Bristol Uni accused of handing out ‘pretend degrees’ as students could pass without marks

‘This could seriously undermine the quality of a University of Bristol degree’

A lecturer at The University of Bristol has accused the University of granting “pretend degrees” to its students if current plans go ahead.

This comes after news that final year students at Bristol University may be forced to graduate this summer without having all of their assessments marked.

On April 20th, the University and College Union (UCU) began a nationwide marking and assessment boycott.

The boycott, which has the potential to last until September under the current mandate, has led to concerns amongst final year students regarding how their assessments will be marked this summer.

In response to the boycott, the University of Bristol has announced on its website: “All school, faculty and departmental managers not involved in this form of industrial action will prioritise marking and assessment work during this time.”

Regarding students’ ability to graduate this summer, the University said: “We expect to run graduation ceremonies for all students who have participated in summer assessments.

“We are working on mitigations to make awards to as many students as possible, even when industrial action has taken place.”

This means that many students may graduate this summer without having all of their assessments marked.

In response to this possibility, a Bristol University lecturer, who wishes to remain anonymous, told The Bristol Tab: “The lack of detail of how this may happen indicates how many of the University’s own rules and regulations would have to change for this to be possible. This would seriously undermine the quality of a University of Bristol degree.

“Graduating students will travel to Bristol this summer to participate in what is a pretend graduation, a sham graduation, a glorified garden party.”

The lecturer added: “If they offer this to all students who have sat their exams and submitted their assignments, some of those students will go on to receive a fail mark and the pretend degree will have to be rescinded.”

Bristol UCU Vice-President, Dr John McTague (via @johnjoemctague)

The Vice-President of the Bristol UCU, Dr John McTague, today warned the university will be unable to find non-striking staff to mark students’ summer exams because so many lecturers are taking part in the boycott.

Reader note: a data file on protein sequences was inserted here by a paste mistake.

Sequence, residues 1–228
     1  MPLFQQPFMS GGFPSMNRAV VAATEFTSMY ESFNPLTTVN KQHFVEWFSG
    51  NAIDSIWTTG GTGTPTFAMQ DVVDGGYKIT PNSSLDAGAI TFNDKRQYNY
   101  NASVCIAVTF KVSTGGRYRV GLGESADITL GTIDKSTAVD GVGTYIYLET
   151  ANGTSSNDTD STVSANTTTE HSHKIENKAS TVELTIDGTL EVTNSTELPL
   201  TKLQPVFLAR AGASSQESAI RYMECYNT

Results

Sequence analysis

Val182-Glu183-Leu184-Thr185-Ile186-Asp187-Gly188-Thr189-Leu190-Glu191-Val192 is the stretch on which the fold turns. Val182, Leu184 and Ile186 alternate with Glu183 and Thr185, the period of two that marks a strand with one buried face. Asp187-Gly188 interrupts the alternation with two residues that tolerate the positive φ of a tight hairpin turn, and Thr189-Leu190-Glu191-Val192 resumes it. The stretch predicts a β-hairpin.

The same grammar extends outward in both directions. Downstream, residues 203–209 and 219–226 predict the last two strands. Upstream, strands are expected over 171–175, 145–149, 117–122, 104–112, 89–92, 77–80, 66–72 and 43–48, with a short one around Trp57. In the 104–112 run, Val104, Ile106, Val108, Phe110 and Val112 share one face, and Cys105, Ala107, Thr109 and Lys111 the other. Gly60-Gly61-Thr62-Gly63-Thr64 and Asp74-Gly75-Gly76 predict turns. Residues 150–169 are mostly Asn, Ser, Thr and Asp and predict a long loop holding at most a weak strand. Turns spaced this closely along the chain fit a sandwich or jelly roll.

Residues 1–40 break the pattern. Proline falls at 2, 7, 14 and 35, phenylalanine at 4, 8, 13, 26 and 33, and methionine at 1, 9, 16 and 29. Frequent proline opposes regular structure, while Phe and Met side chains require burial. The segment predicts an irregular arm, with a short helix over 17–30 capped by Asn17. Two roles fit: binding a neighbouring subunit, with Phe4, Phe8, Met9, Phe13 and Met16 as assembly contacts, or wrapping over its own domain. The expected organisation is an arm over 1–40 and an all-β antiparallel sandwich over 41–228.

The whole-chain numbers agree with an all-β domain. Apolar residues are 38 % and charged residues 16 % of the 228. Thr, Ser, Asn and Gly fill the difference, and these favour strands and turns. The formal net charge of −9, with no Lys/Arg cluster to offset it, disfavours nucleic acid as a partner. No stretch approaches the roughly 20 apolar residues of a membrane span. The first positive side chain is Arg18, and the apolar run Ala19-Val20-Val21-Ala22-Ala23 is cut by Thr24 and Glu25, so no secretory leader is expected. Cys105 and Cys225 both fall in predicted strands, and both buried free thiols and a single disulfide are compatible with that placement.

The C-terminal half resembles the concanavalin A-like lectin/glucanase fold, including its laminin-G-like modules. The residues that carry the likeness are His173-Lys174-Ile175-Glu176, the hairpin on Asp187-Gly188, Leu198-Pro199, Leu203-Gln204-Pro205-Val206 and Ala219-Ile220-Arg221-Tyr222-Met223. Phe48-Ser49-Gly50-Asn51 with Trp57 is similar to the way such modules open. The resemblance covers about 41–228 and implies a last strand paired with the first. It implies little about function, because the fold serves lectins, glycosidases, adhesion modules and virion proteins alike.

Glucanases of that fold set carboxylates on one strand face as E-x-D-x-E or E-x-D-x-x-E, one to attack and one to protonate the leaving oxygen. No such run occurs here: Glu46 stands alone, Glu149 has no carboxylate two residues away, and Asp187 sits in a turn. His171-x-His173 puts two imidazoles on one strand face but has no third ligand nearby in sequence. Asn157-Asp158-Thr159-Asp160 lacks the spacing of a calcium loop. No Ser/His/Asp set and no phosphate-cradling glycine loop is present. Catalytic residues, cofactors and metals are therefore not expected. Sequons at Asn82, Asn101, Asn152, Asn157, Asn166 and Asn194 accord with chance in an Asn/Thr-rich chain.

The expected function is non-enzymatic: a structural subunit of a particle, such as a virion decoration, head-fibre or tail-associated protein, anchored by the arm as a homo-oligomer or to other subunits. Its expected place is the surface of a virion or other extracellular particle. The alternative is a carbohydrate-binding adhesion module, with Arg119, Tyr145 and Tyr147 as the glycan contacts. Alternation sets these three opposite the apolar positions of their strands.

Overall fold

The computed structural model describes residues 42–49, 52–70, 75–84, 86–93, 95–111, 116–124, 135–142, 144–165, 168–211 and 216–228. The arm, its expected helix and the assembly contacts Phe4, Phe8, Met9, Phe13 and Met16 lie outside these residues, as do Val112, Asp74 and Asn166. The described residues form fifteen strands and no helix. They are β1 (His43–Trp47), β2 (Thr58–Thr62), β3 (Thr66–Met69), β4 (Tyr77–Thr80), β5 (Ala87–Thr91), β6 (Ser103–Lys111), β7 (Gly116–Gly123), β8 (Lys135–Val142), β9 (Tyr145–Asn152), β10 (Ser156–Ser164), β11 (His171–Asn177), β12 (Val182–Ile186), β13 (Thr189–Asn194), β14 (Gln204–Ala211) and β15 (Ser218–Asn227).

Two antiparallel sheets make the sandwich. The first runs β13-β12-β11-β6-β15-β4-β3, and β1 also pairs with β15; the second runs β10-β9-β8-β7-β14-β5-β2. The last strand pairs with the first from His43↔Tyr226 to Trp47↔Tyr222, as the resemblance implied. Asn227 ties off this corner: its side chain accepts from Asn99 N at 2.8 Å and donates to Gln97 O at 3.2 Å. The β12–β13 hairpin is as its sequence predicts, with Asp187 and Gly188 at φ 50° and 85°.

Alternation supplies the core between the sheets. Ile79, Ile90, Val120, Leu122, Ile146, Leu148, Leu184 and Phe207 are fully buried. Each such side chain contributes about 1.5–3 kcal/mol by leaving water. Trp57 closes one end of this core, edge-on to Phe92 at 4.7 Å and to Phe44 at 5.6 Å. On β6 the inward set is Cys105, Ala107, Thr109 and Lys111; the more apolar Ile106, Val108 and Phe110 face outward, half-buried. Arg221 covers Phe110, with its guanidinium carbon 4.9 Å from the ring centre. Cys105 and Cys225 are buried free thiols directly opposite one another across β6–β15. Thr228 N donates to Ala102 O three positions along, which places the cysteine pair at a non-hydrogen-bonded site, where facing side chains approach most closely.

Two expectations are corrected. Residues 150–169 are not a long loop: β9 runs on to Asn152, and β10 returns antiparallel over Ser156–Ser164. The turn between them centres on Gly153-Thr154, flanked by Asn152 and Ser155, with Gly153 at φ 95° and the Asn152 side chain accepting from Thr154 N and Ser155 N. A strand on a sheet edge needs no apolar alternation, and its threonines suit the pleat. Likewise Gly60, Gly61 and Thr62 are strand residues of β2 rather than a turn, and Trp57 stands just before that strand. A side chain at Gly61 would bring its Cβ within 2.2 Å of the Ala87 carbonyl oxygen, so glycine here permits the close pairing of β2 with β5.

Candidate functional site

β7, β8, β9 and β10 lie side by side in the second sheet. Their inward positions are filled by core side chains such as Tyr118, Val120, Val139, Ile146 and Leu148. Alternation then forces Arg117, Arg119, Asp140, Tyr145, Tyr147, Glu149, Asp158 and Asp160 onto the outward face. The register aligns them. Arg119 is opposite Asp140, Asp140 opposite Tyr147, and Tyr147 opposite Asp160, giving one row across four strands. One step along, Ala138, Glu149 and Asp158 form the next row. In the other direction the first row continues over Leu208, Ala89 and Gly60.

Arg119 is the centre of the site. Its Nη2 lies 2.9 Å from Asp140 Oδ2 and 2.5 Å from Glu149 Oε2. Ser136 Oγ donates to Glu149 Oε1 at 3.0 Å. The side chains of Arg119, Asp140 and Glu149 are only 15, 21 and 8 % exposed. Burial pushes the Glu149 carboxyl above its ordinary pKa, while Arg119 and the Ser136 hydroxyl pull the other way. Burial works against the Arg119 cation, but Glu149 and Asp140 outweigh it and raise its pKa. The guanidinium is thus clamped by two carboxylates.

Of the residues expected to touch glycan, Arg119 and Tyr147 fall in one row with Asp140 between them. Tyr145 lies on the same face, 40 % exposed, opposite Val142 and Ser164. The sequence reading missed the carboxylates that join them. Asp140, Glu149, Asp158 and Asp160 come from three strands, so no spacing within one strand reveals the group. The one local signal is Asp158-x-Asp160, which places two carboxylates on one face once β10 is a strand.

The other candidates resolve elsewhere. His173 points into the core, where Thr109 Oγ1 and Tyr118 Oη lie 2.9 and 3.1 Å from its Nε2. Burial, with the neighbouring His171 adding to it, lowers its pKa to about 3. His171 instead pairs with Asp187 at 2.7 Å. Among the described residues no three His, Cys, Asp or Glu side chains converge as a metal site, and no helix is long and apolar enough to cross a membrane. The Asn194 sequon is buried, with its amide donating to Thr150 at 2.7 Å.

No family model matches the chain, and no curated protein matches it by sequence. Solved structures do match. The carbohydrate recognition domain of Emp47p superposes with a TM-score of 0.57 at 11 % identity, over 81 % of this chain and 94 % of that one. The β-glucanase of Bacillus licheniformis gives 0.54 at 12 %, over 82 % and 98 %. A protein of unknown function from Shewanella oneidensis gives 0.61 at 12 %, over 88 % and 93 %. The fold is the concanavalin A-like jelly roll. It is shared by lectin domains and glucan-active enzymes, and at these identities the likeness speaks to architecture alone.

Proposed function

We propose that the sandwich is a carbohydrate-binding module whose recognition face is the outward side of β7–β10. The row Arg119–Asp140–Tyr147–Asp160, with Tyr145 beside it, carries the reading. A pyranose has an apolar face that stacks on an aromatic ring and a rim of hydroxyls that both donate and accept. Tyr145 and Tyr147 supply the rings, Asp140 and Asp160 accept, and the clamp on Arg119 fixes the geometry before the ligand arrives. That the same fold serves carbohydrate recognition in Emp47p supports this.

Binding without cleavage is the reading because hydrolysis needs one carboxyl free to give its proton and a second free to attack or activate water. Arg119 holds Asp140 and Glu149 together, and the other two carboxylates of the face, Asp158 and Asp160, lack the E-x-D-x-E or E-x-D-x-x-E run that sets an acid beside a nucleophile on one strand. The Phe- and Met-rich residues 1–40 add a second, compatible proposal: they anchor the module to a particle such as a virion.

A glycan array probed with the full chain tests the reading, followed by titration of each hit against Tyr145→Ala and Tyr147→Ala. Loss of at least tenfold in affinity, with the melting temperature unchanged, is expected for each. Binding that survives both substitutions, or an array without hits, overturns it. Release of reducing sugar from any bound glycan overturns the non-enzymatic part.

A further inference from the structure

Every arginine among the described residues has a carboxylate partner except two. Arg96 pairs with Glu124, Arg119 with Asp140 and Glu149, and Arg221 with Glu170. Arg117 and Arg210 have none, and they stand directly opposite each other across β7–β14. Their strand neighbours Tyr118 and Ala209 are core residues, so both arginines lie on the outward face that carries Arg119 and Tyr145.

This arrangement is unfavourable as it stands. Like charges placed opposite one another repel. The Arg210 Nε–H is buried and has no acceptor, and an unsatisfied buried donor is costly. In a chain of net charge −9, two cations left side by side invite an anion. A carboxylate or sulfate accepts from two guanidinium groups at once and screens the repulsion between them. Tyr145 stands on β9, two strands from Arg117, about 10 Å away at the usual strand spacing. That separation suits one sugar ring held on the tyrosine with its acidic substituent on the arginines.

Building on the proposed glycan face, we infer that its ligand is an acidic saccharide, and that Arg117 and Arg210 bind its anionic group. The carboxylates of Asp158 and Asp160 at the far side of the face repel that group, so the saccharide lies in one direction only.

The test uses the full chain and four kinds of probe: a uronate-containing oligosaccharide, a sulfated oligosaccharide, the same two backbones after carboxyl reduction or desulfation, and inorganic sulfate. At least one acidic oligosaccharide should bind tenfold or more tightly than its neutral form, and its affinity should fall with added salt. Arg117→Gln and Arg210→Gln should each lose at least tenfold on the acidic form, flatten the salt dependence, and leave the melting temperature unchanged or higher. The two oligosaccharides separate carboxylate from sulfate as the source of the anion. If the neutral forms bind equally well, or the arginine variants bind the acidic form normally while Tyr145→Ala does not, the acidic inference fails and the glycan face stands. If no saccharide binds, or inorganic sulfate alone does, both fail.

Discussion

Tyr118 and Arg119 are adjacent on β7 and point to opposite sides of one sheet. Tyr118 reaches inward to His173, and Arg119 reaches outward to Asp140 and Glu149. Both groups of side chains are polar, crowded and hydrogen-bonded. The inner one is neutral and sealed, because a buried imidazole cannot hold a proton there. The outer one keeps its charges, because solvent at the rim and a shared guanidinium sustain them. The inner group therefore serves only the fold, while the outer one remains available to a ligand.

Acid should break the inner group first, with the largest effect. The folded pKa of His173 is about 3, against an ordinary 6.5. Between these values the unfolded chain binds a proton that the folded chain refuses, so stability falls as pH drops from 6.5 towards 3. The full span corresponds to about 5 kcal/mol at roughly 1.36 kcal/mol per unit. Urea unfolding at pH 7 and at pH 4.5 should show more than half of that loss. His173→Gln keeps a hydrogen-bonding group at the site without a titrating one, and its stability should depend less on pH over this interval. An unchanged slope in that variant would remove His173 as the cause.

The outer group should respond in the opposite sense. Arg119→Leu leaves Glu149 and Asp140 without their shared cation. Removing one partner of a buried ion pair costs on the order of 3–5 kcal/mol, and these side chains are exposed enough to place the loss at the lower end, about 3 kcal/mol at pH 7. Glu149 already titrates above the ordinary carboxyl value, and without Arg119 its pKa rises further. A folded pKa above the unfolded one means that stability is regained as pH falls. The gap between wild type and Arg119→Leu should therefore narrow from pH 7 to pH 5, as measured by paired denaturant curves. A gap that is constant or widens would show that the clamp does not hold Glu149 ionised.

He told The Bristol Tab: “Levels of participation in the boycott are sufficiently high that such reallocation is highly likely to prove completely impracticable.

“Students deserve to have their work marked in full by the experts who designed and delivered their teaching and assessments. They deserve degree outcomes that have been through the same rigorous quality assurance processes which have been applied to other cohorts.

“They deserve graduation ceremonies at which classified degrees are actually conferred.”

Dr McTague added: “The lack of clarity in the recently-published guidance on these matters suggests to me that either senior management do not yet know what they are going to do, or that their approach is sufficiently controversial that they are loathe to state it plainly at this juncture.”

A University of Bristol spokesperson has said: “We know how unsettling the marking and assessment boycott is for our staff and students. We are doing everything we can to make sure we have appropriate measures in place to manage this further action short of strike (ASOS) and our advice to students is to continue to engage fully with their studies and prepare for assessments as usual.

“At this stage, we expect most final year students to have their work marked as normal, but we are unable to determine precisely who will be affected as staff are not obliged to tell us they are participating. In addition, we are planning for graduation ceremonies to take place this summer for all students who have completed their final assessments.

“This action is part of a long-running national dispute led by the University and College Union (UCU) affecting more than 100 universities with multiple demands on pay, pension and working conditions. While we are working with our local unions here at Bristol, the sector needs to find affordable solutions and better ways of resolving this ongoing dispute nationally.

“We understand how challenging this is for our students and would like to apologise to those affected, many of whom have already faced numerous challenges due to the pandemic and previous industrial action. Personal tutors and school offices are ready to offer support and we will keep our students up to date with any developments.”

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